Most modern imaging systems describe an image as a grid of very small but nonetheless square pixels. However, some imaging systems, especially those which must maintain compatibility with analog standard-definition, define image as a grid of rectangular pixels in which the width of the pixel is different from that of its height. To describe this proportion, we state it in form of Pixel Aspect Ratio.
Use of Pixel Aspect Ratio mostly involves pictures pertaining to standard-definition television. Most other imaging systems, including those complying with SMTPE standards and practices, use square pixels.
However, standard-definition television picture is essentially incompatible with digital image as it has well-defined lines but it does not have standardized or well-defined edges or well-defined picture elements similar to pixels. Furthermore, analog video systems such as NTSC 480i and PAL 576i, instead of employing progressively-displayed frames, employs fields or interlaced half-frames displayed in an interwoven manner to create motion.
However, the term Pixel Aspect Ratio was first coined when ITU-R BT.601-4 (commonly known as "Rec. 601") specified that standard-definition television pictures are made of lines which contain exactly 720 non-square pixels. ITU-R BT.601-4 did not defined the exact pixel aspect ratio but did provide enough information to calculate the exact pixel aspect ratio based on industry practices: The standard luma sampling rate of precisely 13.5Mhz. Based on this information:
SMPTE RP 187 further attempted to standardize the Pixel Aspect Ratio values for 480i and 576i. It designated 177:160 for 480i or 1035:1132 for 576i. However, due to significant difference with practices in effect by in industry and the computational load that they imposed upon the involved hardware, SMPTE RP 187 was simply ignored. SMPTE RP 187 information annex A.4 further suggested the use of 11:10 for 480i.
As of this writing, ITU-R BT.601-6, which is the latest edition or ITU-R BT.601, haven't explicitly specified the aspect ratio for any of standard-definition television pictures.
Unfortunately, not all the standard TV pictures are exactly 4:3: As stated above, in analog video, the center of picture is well-defined but the edges of the picture are not standardized. As a result, some analog devices (mostly PAL devices but also some NTSC devices) generated motion pictures that were horizontally (slightly) wider. This also proportionately applies for anamorphic widescreen (16:9) pictures. Therefore, in order to maintain a safe margin of error, ITU-R BT.601 required 16 more non-square pixels per each line (8 more at each edge), which may not be visible in all TVs, to be sampled to ensure that all video data near the margins are saved.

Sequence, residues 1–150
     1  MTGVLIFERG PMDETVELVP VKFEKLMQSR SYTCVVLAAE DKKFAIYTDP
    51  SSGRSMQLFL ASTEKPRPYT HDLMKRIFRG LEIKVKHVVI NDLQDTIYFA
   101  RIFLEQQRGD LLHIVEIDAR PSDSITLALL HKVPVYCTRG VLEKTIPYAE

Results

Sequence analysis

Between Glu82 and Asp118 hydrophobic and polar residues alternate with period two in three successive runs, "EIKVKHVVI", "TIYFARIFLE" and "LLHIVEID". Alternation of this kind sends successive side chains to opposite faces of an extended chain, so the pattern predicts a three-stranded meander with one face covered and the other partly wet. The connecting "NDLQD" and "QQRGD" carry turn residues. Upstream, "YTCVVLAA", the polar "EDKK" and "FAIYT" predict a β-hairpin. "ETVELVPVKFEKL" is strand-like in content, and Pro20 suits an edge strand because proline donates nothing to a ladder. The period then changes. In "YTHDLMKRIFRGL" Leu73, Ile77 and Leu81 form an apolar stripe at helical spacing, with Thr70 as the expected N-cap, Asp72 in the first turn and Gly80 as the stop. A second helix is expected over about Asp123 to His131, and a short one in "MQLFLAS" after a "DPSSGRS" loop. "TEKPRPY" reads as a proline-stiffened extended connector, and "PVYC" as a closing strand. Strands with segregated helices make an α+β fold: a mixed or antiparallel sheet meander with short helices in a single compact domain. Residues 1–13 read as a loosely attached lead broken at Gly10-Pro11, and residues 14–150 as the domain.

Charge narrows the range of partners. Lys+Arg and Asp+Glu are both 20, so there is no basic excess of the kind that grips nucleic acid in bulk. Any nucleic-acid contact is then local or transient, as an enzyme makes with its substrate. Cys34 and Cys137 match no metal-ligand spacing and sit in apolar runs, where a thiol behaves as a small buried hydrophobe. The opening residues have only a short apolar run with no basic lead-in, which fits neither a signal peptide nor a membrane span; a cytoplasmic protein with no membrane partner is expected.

This requirement, however, had two implications:
Displaying an image with a certain pixel aspect ratio on a device whose pixel aspect ratio is different will cause the image to look unnaturally stretched or squished in on of the either horizontal or vertical directions. Picture of a circle, generated for a computer display would look like an ellipse on a standard-definition television. This issue is more evident on a wide-screen TVs.
Pixel Aspect Ratio must be taken into consideration by video editing software products which edit video files with non-square pixels, especially when mixing video clips with different Pixel Aspect Ratios. This would be the case when creating a video montage from various cameras employing different video standards. Special effects software products must also take the Pixel Aspect Ratio into consideration, since some special effects require to calculate the distances from a certain point so that they look visually correct. An example of such effects would be radial blur or motion blur.
Pixel Aspect Ratio is often confused with Picture Aspect Ratio. Picture Aspect Ratio is the ratio of the image width and height.Due to non-squareness of pixels in Standard-definition TV, there are two types of Picture Aspect Ratio: Storage Aspect Ratio (SAR) and Display Aspect Ratio (DAR). Storage Aspect Ratio is the ratio of the image width to height in pixels and can be easily calculated from video file. Display Aspect Ratio is the ratio of image width to height (in a unit of length such as centimeters or inches) when displayed on screen and is calculated from the combination of Pixel Aspect Ratio and Storage Aspect Ratio.
However, users who know the definition of these concepts may also get confused as well. Poorly-crafted user-interfaces or poorly-written documentations can easily cause such confusion.
Some video-editing software applications often ask users to specify an "Aspect Ratio" for their video file, presenting him or her with the choices of "4:3" and "16:9"! (Sometimes, these choices may be "PAL 4:3", "NTSC 4:3", "PAL 4:3" and "PAL 16:9"!) In such situations, the video editing program is implicitly asking the Pixel Aspect Ratio of the video file by asking for information about the Video System from which the video file in question is originated. The program will then use a table (similar to the one in Pixel Aspect Ratio of Common Video Formats section below) to determine the correct Pixel Aspect Ratio value.
The rule of thumb is: Video editing products never ask for Storage Aspect Ratio; they can simply retrieve picture dimensions and calculate it. Non-square-pixel–aware applications would often ask either Pixel Aspect Ratio or Display Aspect Ratio, from either of which they can calculate the other.
|Video System||Picture Dimensions||Pixel aspect ratio|
|Standard (4:3) NTSC (e.g. 480i)|| 720×480 |
| 10:11 || 10:11 || 8:9 |
|Anamorphic widescreen (16:9) NTSC|| 40:33 || 40:33 || 32:27 |
|Standard (4:3) PAL (e.g. 576i)|| 720×576 |
| 59:54 || 12:11 || 16:15 |
|Anamorphic widescreen (16:9) PAL|| 118:81 || 16:11 || 64:45 |
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